Wednesday, July 6, 2016

Net Revenue Growth… the lifeblood of a thriving business

In a conversation earlier today with a long-term friend and colleague, we talked about the growth challenges of his business and the need for growth over the next few years.  While our focus was on the “net income” line of his company’s p&l, I blurted out (as I am known to do) that “net revenue growth is the lifeblood of a thriving business.”  Not only is that true related to my friends company / industry, it happens to be deeply true in EVERY business I have had the chance to work on over the past 30+ years!  Whether on Kleenex tissue, Breyers Ice Cream, Coca-Cola, Bolthouse Farms or across the varied businesses that I am consulting on today, the importance of healthy top-line growth has been a central and common theme across my career.

This idea of the importance and power of “growth” spans business and culture.  A great quote from our history sums it up well: 

"Without continual growth and progress, such words as improvement, achievement, and success have no meaning. "

Benjamin Franklin

While Franklin was not talking specifically about today’s corporate reality, this truth that there is no “success” or “achievement” without “growth and progress” is deeply true from my experience and important to remember.  If the ultimate indicator of a business’s health is “demand” as I have written in a previous essay (“Demand Drives Price”), then to have a thriving enterprise one needs to have a thriving revenue line on your p&l.

While so simple to discuss and comment on, this dynamic is no small feat across business realities.  I have worked in businesses without a thriving topline and you end up looking to cost reduction plans, “doing more with less” and organization restructurings to achieve quarterly and annual profit targets.  While effective in the short run, a business runs out of “cost centric” actions over time and ultimately does not thrive and succeed without solid revenue growth.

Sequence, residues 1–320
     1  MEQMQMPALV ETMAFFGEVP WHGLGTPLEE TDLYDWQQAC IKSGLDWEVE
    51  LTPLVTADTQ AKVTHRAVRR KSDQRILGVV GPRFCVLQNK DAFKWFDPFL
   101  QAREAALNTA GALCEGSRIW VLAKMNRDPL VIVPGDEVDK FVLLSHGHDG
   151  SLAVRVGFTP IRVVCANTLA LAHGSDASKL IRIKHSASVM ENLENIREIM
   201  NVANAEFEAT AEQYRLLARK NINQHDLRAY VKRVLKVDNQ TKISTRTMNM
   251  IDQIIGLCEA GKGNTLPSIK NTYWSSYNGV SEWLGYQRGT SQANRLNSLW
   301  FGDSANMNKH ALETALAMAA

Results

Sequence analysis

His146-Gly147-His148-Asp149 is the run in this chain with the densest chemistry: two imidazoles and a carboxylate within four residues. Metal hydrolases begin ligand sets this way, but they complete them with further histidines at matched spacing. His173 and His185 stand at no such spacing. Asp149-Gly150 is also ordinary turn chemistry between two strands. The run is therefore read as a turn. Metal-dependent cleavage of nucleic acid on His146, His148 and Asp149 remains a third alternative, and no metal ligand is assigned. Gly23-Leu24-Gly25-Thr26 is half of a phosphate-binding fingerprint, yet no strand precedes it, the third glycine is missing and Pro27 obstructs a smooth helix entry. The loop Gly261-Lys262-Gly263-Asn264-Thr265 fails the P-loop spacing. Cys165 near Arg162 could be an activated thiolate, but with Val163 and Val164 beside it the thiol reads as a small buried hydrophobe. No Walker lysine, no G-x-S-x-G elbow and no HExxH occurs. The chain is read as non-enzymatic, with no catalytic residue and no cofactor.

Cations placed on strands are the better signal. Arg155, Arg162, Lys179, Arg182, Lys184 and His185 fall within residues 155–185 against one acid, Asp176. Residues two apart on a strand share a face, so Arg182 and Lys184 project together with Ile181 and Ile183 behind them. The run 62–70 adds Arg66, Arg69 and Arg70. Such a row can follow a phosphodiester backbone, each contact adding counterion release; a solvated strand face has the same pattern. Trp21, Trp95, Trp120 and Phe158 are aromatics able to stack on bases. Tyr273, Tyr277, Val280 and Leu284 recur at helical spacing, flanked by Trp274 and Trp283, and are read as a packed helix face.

On the opposite dimension, I have recently worked in a high growth business environment, which also had its challenges.  In that situation, we have a tough time “keeping up” with the growth opportunities and more importantly “fulfilling” the growing demand of the business.  It was an eye-opener a few years ago to realize that our business had “outgrown” the actual number of warehouse doors of our primary production facility and that during the peak demand weeks between Thanksgiving and Superbowl, we didn't have enough “doors” to handle all the trucks picking up customer’s orders.  Yes, our demand growth was strong but if we couldn't “handle” the growth, then it would have been nothing more that temporary phenomenon!  (We did work our way to “handle the growth”, fodder for a future essay!!)

This idea of finding the right balance between a no growth environment (where you’re trying to “save your way to success”), and a high growth environment (where you can’t keep-up with the demand that you have created) is key to a business “thriving” over time.  Work hard to find that right balance year after year but never lose sight of the “G” word.  It’s all about “growth” and in my experience a healthy balanced growth of the revenue (demand) over time!

A quick comment on the use of the word “Net” in this essay’s title:  Recently I have worked with a number of consulting clients who are driving the heck out of their “Gross Revenue” line of their p&l with very little translating to the “Net Revenue” line.  They use discounts and allowances (“D&A”) to drive short-term growth which is OK if it translates to “Net Revenue Growth” over time.  I like to focus on the “Net Revenue” line of a business’s p&l and track it as THE key variable over time.

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